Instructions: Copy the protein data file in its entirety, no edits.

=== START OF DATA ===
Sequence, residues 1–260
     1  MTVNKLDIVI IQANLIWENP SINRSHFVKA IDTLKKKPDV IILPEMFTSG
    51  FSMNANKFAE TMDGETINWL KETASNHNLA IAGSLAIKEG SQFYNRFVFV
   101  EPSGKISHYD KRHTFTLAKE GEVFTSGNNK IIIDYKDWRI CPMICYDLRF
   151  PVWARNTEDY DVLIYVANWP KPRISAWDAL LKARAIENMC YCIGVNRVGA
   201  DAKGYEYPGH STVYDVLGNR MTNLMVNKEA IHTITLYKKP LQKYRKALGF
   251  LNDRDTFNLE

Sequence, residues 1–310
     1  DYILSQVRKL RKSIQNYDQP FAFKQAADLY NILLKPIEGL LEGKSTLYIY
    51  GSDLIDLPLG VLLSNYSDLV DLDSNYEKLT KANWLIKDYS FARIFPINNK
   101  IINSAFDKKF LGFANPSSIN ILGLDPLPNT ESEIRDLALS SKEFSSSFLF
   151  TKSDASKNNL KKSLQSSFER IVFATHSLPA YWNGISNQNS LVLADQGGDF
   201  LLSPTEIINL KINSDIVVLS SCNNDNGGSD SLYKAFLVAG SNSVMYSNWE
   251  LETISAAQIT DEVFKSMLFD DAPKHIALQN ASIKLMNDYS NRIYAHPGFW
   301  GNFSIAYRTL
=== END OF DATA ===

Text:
Sequence, residues 1–260
     1  MTVNKLDIVI IQANLIWENP SINRSHFVKA IDTLKKKPDV IILPEMFTSG
    51  FSMNANKFAE TMDGETINWL KETASNHNLA IAGSLAIKEG SQFYNRFVFV
   101  EPSGKISHYD KRHTFTLAKE GEVFTSGNNK IIIDYKDWRI CPMICYDLRF
   151  PVWARNTEDY DVLIYVANWP KPRISAWDAL LKARAIENMC YCIGVNRVGA
   201  DAKGYEYPGH STVYDVLGNR MTNLMVNKEA IHTITLYKKP LQKYRKALGF
   251  LNDRDTFNLE

Sequence, residues 1–310
     1  DYILSQVRKL RKSIQNYDQP FAFKQAADLY NILLKPIEGL LEGKSTLYIY
    51  GSDLIDLPLG VLLSNYSDLV DLDSNYEKLT KANWLIKDYS FARIFPINNK
   101  IINSAFDKKF LGFANPSSIN ILGLDPLPNT ESEIRDLALS SKEFSSSFLF
   151  TKSDASKNNL KKSLQSSFER IVFATHSLPA YWNGISNQNS LVLADQGGDF
   201  LLSPTEIINL KINSDIVVLS SCNNDNGGSD SLYKAFLVAG SNSVMYSNWE
   251  LETISAAQIT DEVFKSMLFD DAPKHIALQN ASIKLMNDYS NRIYAHPGFW
   301  GNFSIAYRTL